Jeff Sessions resigned as Attorney General on Wednesday, less than two years after the Senate narrowly confirmed him to the post. Sessions’ tenure as the nation’s highest-ranking law enforcement officer, while relatively short-lived, was a boon to anti-immigrant groups and Trump’s hardline approach to immigration.
Sessions has a troubling history when it comes to immigration, one of many concerns raised during his contentious nomination process. Many worried that as Attorney General, Sessions would double-down on restrictions to legal immigration, harsh enforcement practices, and more broadly lend credibility to the positions espoused by the anti-immigrant organizations he is loyal to.
Sessions has longstanding ties to extremist organizations—some of which have been identified as hate groups—with origins with white nationalist, eugenicist John Tanton.
At one of his nomination hearings, for example, Sessions was questioned about his relationship with multiple anti-immigrant organizations. Rather than assure senators and the American people that he would fairly enforce anti-discrimination laws, Sessions deflected and refused to denounce his association with nativist groups.
Looking back at the changes Sessions made while heading the Department of Justice (DOJ), the warnings and concerns raised during his nomination were warranted and, unfortunately, accurately predicted some of his damaging decisions.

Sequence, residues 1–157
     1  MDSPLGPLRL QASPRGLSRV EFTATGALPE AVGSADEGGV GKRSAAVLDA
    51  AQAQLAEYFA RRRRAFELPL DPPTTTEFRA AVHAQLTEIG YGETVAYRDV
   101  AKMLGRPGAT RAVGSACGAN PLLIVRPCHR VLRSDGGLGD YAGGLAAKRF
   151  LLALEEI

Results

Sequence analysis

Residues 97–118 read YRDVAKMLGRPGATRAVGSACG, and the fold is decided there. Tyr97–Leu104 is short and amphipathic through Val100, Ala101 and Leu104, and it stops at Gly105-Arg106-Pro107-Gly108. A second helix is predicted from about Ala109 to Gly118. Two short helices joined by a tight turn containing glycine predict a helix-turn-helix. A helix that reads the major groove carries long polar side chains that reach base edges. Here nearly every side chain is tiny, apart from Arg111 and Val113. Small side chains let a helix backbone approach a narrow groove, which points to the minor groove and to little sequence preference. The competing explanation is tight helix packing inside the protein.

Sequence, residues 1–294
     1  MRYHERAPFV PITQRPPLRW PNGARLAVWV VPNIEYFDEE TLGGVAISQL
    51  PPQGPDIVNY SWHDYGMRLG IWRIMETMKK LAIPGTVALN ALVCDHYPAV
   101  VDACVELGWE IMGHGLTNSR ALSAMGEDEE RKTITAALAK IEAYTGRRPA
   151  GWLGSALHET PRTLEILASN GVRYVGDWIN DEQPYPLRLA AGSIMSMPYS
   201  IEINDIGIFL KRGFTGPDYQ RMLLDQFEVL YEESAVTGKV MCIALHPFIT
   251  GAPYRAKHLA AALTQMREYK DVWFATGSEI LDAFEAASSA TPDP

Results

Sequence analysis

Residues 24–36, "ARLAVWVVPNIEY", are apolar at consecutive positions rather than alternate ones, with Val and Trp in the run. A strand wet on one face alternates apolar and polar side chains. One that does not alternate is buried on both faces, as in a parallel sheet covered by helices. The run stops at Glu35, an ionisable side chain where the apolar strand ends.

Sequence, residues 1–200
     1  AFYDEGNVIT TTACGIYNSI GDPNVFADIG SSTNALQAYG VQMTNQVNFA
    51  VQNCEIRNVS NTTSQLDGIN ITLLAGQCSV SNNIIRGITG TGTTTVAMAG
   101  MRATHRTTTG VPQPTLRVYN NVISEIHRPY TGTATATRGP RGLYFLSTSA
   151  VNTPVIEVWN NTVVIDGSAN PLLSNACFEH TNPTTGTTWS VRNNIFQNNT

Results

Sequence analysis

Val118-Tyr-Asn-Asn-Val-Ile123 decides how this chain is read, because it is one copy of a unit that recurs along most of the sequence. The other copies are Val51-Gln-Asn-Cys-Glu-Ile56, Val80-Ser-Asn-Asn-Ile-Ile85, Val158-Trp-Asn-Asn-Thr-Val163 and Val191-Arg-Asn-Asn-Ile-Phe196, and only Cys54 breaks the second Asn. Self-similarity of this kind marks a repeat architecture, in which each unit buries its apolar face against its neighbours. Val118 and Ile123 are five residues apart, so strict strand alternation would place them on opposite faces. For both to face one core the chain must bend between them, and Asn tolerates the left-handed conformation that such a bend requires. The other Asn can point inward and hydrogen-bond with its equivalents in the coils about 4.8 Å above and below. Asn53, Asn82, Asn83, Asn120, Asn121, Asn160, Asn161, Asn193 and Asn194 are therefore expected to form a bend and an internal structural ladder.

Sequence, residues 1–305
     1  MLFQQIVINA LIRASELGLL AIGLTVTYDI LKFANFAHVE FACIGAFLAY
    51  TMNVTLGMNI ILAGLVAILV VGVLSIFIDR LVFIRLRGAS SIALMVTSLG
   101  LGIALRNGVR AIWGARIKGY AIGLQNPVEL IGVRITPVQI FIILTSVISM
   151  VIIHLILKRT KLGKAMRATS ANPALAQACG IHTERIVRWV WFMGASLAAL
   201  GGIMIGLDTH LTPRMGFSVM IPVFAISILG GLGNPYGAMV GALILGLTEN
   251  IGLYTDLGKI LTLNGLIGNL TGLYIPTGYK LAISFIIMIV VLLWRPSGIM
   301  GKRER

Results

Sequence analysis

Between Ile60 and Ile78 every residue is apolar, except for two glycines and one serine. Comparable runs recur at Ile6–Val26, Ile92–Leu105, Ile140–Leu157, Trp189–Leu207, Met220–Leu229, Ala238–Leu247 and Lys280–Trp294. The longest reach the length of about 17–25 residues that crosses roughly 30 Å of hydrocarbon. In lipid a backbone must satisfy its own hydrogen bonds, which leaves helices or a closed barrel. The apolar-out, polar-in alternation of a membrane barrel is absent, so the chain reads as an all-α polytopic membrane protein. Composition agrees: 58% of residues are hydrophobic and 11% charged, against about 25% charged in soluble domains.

Here are just five ways Sessions weakened vital legal safeguards and components of the U.S. immigration system:
In referring to himself a case involving a domestic violence survivor and asylum seeker, Sessions issued a decision that effectively made asylum inaccessible to many survivors seeking protection in the United States.
On multiple occasions, Sessions publicly minimized the important role of due process and impartiality in the immigration court system. He created case quotas for judges and repeatedly encouraged them to “send a message” in their work, an approach that threatens to “undermine the ability of judges to make decisions based only on the facts and law in front of them.”
Under his leadership, the court backlogs have swollen to 1.1 million, as old cases previously closed by judges were reopened and other mechanisms for case closures abandoned.
Sessions implored Congress to pass laws that would implement dramatic changes to immigration law, further curtailing the limited protections available to asylum seekers and expanding fast-track deportations.
Finally, a new policy under Sessions shifted U.S. attorneys away from prosecuting serious criminals and national security threats, instead ramping up federal court prosecutions of low-level immigration offenses.
Although Sessions has left DOJ, his harsh stance on immigration lives on in these changes.
The damaging results of such policies and practices must be overturned. A new attorney general, who must be nominated and confirmed, should make choices that better reflect the rule of law and the values of our nation.